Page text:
People of influence
are the men and women within an organization whose opinions count -
not necessarily because they rank high on an "org" chart but
- because they have acknowledged experience or are associated with people
of authority. This article is one in a series of five articles on how
to expand your sphere of influence through better communications.
I just completed
Sandra Post's short game golf clinic. (Notice I said completed, not
graduated from.) One of the best tips I received was "keep it simple."
No matter what club you are using or the distance you are trying to
hit, use the same basic stroke.
If you add fancy
footwork, a unique flick of the wrist or extra lower body movement,
you may connect occasionally but, in the end, you'll create more problems.
Be consistent. That way, even under pressure, you'll always remember
exactly what should be done to succeed.
This advice applies
equally well to the world of business communication. People judge you
all day, every day, on many factors including the words and phrases
you use. Too often, business people believe they will appear more professional
if they cloak their written and spoken messages in pompous words and
clichés. But it doesn't work. Don't try to impress your readers
or listeners. They are too busy to find convoluted messages interesting
Focus on what the reader wants to know and needs to know and deliver
that message, using words the reader can easily understand. Contrary
to popular belief, polysyllabic words and passive voice sentences will
not make you look professional in the reader's eyes - only clarity and
Tell the reader why he should read your e-mail in the opening line.
Too many writers deliver an e-mail in a chronological order. They give
the background information first and wait for the last screen before
telling the reader what they want from him. As many people read opening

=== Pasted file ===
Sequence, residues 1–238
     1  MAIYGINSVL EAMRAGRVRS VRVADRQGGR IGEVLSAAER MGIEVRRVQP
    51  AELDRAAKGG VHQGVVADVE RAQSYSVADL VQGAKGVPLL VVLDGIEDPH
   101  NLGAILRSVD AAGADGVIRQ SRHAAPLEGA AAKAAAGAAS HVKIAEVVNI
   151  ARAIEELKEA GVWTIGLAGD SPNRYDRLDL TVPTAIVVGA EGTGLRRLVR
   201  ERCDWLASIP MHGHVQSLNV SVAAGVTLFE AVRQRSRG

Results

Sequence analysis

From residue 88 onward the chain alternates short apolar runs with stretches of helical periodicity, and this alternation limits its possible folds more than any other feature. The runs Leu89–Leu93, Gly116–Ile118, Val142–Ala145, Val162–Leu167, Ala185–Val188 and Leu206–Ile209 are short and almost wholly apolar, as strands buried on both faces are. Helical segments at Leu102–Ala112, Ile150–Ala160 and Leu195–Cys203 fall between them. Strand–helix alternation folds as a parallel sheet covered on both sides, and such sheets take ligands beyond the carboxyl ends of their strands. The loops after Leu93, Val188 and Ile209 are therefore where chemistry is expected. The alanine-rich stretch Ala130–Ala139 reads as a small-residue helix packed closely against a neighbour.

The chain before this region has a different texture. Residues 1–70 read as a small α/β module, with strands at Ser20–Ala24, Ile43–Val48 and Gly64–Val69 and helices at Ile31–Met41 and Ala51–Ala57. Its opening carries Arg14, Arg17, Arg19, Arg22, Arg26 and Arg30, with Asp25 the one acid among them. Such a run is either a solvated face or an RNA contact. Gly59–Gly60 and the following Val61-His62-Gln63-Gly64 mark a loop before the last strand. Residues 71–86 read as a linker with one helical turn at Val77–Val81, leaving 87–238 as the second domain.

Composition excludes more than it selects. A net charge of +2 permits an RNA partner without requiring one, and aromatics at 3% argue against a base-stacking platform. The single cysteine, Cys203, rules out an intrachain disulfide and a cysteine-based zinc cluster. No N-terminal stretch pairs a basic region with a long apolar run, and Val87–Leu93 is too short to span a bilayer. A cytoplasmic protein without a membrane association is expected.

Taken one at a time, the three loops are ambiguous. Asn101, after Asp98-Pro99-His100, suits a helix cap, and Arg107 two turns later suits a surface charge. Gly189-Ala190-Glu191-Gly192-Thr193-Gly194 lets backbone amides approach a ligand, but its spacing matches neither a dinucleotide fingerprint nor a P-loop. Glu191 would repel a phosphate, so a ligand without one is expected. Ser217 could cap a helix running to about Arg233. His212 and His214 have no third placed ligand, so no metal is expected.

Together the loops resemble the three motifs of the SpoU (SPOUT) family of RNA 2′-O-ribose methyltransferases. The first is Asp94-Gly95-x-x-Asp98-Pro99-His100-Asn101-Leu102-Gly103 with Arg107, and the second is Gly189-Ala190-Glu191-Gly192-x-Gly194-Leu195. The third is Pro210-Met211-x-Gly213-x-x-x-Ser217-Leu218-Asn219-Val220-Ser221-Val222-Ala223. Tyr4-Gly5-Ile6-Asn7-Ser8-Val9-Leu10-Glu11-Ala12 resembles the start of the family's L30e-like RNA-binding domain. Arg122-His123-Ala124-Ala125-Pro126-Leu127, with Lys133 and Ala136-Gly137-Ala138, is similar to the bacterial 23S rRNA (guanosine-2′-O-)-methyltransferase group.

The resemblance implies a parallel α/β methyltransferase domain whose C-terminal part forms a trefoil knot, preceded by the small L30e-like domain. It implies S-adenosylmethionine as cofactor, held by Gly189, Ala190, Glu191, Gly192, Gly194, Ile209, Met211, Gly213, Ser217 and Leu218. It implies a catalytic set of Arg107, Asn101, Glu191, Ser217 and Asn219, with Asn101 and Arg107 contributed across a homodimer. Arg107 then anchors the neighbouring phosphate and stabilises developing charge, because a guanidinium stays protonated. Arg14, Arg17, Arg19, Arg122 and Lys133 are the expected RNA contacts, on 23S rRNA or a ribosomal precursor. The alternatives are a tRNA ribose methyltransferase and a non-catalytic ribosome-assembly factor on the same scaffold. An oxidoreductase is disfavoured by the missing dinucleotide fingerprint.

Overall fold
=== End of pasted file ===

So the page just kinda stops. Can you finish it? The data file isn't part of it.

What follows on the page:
paragraphs to decide whether to continue reading, backward writing is
not effective. Deliver "the hook" first.
If you have a deadline,
place it in the subject line. That way every time the reader opens his
inbox, he'll see your time line.
Use your eyes, as well as your ears, to listen. Don't busy yourself
mentally rehearsing how you are going to top the speaker's comments.
Keep it simple. Stay in the moment and work with the information the
speaker is giving you. Ask him questions to extend his thoughts and
to further clarify his viewpoint.
In leaving voice
Deliver a strong, upbeat and brief message. Don't get cute. Be polite,
firm and assertive. You have only 10 to 15 seconds to make a good impression.
Never start with "I'm sorry I missed your call." No one believes
Offer callers the
option of reaching someone immediately. Say what you need from them
- a message, a name, a phone number. Tell them when you will return
their call or the best time to call you back. Let them know if the message
has a time limit. Change your messages as often as necessary.
People take their cues from your language when deciding whether or not
they want to co-operate with you. If you bluster, exaggerate or try
to upstage others, you won't gain credibility. Winning speakers communicate
in a straightforward fashion. They project positive expectations, give
credit where it's due, speak decisively, and tell the truth.
Whether you are
swinging a club on the golf course or communicating in the business
world, remember - for a positive finish - keep it simple.